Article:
Māori and intermarriage
The first rural families in New Zealand were Māori. As Māori remained a largely rural people long after the arrival of Europeans, they play a significant part in this story. There was some intermarriage between Europeans who took up farming and Māori women, especially in the early 19th century and later in specific areas such as Northland and the East Coast. Occasionally this led to Europeans acquiring Māori land. Families headed by Māori women tended to retain strong Māori family traditions. In the 20th century as Māori entered the rural workforce their family life was shaped by some of the same forces which affected Pākehā rural families.
Isolated nuclear families
Colonial conditions in rural areas put strains on the family. Many migrants had left behind parents and siblings in the old world. Husband, wife and children were thrown together on the voyage out, and the nuclear family (just father, mother and children) was likely to become even more isolated once they found themselves on a backblocks farm. Louisa Rose wrote to her sister in 1852, ‘It is indeed a miserable thing to be so completely cut off from all relations as we are here.’ 1
In a few cases rural settlers were able to attract siblings or friends from home who would come out in a chain migration. In South Canterbury the extended Brosnahan family came out from County Kerry in southern Ireland and settled on land near Kerrytown. But this was unusual. More often settlers found solace from loneliness in the nuclear family. The family became, as Charles Hursthouse said, a man’s ‘nearest and dearest friends.’ 2 Family pursuits – cards, reading aloud, singing around the piano – were important leisure activities on the farm.
As siblings grew up they often remained close, as a comfort against the loneliness of rural life. Kate Squires of Woodend in Southland actively encouraged visits from her sisters Bella, Emily and Mary after she was married, and they usually stayed for long periods. Often the visits coincided with the pregnancy and confinement of one of the women. Kate’s sisters were her primary leisure companions.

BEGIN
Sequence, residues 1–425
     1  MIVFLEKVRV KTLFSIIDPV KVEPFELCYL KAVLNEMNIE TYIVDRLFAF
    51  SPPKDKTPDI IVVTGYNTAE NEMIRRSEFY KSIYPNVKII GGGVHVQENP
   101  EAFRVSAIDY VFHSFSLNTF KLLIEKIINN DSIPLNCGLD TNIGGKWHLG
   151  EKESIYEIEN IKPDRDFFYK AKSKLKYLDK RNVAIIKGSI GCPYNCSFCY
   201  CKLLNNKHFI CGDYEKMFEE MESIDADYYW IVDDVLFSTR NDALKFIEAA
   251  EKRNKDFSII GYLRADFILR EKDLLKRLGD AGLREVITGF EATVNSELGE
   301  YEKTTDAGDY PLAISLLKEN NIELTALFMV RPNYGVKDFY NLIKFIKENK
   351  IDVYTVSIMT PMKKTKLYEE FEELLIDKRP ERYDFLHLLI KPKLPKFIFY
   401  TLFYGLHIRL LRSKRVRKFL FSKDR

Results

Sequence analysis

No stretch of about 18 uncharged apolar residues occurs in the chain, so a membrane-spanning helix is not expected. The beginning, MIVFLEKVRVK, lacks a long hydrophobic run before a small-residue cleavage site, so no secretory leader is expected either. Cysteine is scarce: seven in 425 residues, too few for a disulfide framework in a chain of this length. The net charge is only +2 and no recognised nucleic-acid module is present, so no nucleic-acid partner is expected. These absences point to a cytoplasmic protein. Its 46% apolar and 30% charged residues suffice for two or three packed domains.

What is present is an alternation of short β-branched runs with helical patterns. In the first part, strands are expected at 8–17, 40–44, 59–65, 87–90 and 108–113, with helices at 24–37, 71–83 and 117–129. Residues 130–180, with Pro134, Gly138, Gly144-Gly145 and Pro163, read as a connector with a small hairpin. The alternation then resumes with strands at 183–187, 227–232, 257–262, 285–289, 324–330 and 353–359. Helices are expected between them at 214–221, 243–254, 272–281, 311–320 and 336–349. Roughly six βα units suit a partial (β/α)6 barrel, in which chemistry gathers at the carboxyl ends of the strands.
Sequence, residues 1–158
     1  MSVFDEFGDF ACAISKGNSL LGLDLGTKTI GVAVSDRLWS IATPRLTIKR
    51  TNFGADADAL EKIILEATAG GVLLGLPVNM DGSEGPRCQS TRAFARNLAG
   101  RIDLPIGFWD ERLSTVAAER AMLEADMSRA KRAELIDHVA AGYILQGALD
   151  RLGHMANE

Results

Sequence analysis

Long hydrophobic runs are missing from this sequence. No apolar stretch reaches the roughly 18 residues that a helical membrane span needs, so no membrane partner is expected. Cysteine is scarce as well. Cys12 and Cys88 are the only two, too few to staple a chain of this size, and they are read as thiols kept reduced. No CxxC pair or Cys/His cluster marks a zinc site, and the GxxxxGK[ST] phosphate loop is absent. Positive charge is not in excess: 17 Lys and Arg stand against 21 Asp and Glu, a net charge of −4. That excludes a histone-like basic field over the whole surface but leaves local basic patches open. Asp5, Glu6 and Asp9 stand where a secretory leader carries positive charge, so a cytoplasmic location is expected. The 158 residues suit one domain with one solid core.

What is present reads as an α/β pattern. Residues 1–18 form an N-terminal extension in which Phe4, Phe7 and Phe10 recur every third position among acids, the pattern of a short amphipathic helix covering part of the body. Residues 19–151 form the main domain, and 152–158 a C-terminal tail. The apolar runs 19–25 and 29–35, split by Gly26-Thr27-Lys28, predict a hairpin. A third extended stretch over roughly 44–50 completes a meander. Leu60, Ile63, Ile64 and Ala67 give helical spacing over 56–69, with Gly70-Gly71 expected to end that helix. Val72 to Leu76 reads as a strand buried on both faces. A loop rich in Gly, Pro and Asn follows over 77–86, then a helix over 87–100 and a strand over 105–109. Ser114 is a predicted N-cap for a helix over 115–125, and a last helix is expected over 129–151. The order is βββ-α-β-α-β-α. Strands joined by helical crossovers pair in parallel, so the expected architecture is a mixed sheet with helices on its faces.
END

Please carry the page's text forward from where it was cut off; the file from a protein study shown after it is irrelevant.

Too many men
There was a gender imbalance in rural areas. There were always more Pākehā men than women in 19th-century New Zealand, but the imbalance was greater in rural areas. In 1874 outside cities and towns there were twice as many non-Māori men as women (68,568 men aged 20 or over; 33,043 women). In some places such as Marlborough and South Canterbury there were even fewer women.
Run, boy, run
When a woman arrived at the new settlement of Āpiti in the Manawatū in the 1880s, a group of bush-fellers were hard at work. One man rushed up to his employer, saying, ‘Boss, I’m finishing, I want my pay.’ The boss asked what was wrong. ‘Look,’ said the man, ‘there’s a woman coming, I’m going further back.’ 3
On the east coast of both islands where there were large sheep-farming runs many single men were employed as shepherds, or in short-term or seasonal jobs as shearers or harvesters. They often lived in ‘men’s quarters’. A few single women may have been found in the larger homesteads as domestic servants, and perhaps there was an occasional married couple. But there were few families and the institutions of male culture such as hotels and drinking places were strong.
The respectable classes became fearful of dissolute habits such as drinking, swearing, gambling and fighting. Women were seen as having a particularly moral role in improving behaviour. Charlotte Godley suggested to two bachelors on a backblocks station that they set up a carefully draped dummy of a lady to restrain them from ‘semi-barbarous’ behaviour. 4